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Compiled by Anselma Aimable

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view-from-the-lighthouseDid you know the expression Vieux Fort, Old Fort, is found several times on old maps of St. Lucia?  However, the Vieux Fort “par excellence” is the one located at the southern tip of the island, just before Moul à Chique.  

On the 1758 map Vieux Fort is marked across the bay between Ance Noire and Pointe Moulacique; and Riviѐre du Vieux Fort marks the river that runs into the bay.  Lefort de Latour’s map shows quartier du Vieux Fort; Grande Riviѐre du Vieux Fort; Petite Riviѐre du Vieux Fort; Baye du Vieux Fort and Anse du Vieux Fort.

From Lefort de Latour’s “Description” one learns the origin of the name in this case.  “This Quarter he says, “takes its name from a redoubt erected there by some Dutch ships to protect themselves from the attacks of the Caribs, who were angry at seeing foreigners act as if they were the masters in the midst of their very huts.”

It has been suggested that the redoubt in question might date from around 1654, when the Dutch established a colony in Tobago.  The redoubt appeared to have been on the Windward side, in the Pointe Sable district; and Amerindians relics were also found there.  The agents of the “Revolution” gave the Vieux Forts in St. Lucia the new name La Loi.  

With regards to the other French Forts in St. Lucia, the 1758 map marks Ancien Fort François, old French Fort, a little inland from Islet du Choc (Choc or Rat Islet).  The headland opposite Islet à rats is shown on Lefort de Latour’s map as Pointe du Vieux Fort.  On the Admiralty map of 1888, three old forts are marked: one beneath Rachette Pt (Soufriѐre Bay); another to the South of Choiseul; and another near the mouth of the Fond D’Or River (Dennery).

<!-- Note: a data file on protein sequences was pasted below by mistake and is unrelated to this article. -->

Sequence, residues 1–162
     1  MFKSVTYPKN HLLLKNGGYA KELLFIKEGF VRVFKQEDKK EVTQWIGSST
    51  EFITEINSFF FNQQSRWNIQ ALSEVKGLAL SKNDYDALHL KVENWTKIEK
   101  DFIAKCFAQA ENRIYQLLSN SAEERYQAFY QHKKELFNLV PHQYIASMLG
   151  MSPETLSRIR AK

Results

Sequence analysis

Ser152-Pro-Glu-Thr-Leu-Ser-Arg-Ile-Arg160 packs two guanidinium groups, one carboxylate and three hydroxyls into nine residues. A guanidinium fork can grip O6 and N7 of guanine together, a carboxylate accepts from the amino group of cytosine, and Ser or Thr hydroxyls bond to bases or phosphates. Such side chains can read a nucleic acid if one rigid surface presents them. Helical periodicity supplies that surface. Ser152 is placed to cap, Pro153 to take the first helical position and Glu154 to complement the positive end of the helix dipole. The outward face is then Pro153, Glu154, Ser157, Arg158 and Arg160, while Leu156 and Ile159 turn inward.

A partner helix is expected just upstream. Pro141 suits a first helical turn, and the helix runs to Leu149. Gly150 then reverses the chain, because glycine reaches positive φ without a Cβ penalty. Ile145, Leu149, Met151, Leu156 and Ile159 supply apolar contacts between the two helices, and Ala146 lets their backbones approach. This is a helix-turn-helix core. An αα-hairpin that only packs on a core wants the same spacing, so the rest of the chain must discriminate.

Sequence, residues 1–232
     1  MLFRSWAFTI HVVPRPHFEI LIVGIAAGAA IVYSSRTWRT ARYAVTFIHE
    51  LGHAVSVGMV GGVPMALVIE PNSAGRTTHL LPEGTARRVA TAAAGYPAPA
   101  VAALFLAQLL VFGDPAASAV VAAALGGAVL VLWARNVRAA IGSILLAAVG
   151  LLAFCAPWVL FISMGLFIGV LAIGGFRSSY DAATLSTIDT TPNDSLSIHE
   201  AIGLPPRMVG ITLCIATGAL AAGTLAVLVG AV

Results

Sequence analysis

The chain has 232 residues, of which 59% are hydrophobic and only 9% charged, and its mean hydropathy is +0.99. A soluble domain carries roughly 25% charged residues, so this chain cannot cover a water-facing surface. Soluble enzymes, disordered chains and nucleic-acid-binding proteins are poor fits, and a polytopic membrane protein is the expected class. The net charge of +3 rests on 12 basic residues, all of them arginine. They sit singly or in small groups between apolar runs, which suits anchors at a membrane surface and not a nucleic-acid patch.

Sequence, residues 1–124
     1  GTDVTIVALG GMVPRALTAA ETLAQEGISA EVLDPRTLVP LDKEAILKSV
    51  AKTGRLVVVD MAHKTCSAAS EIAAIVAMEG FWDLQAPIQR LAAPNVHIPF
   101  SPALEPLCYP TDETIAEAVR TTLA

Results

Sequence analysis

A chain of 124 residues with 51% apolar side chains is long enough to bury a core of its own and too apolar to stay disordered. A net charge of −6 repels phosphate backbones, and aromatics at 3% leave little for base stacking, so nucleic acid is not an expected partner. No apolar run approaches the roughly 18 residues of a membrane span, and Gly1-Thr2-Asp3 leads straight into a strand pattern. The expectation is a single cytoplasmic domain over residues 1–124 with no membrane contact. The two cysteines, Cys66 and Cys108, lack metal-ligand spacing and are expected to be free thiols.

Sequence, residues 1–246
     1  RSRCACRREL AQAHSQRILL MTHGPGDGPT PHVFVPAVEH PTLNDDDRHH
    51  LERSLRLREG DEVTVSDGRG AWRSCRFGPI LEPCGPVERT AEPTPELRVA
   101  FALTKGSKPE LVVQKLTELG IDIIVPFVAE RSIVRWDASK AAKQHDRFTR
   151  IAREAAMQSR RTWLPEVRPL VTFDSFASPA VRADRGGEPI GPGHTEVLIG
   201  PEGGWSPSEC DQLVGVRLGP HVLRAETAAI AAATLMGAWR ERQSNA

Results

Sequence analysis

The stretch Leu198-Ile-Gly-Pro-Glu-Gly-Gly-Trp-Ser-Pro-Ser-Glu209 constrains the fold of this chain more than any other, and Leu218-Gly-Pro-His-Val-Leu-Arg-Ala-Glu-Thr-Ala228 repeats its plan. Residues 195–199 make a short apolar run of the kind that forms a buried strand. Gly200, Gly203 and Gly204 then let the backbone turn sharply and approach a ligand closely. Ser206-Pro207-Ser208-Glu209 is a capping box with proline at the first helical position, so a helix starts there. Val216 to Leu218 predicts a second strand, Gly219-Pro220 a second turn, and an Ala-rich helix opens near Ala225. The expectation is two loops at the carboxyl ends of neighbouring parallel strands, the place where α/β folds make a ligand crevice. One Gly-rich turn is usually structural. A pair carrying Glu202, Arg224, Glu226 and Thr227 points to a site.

Did you know the area in the heights of Vieux Fort Called Viger; pronounced Veejay may have taken its name from a French family that owned land in St. Lucia in the 18th century?  Lefort de Latour describes a property of 80 carrés in the Dennery Quarter as belonging to Heirs Vigé.  Breen list a Vigѐs as intestate succession in 1811. It may be the same name under different forms.

1 carrés = 3.2 acres

Source: St. Lucia: The Romance of its Place Names by Rev, Fr, Charles Jesse – 1966

This feature runs every Tuesday and Thursday. It is compiled by daughter of the soil Anselma Aimable, a former agricultural officer and former correspondent for Caribbean Net News, who has a deep interest in local culture and history. Send ideas and tips to [email protected]

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One comment

  1. Finola Jennings Clark

    So much history in this area!

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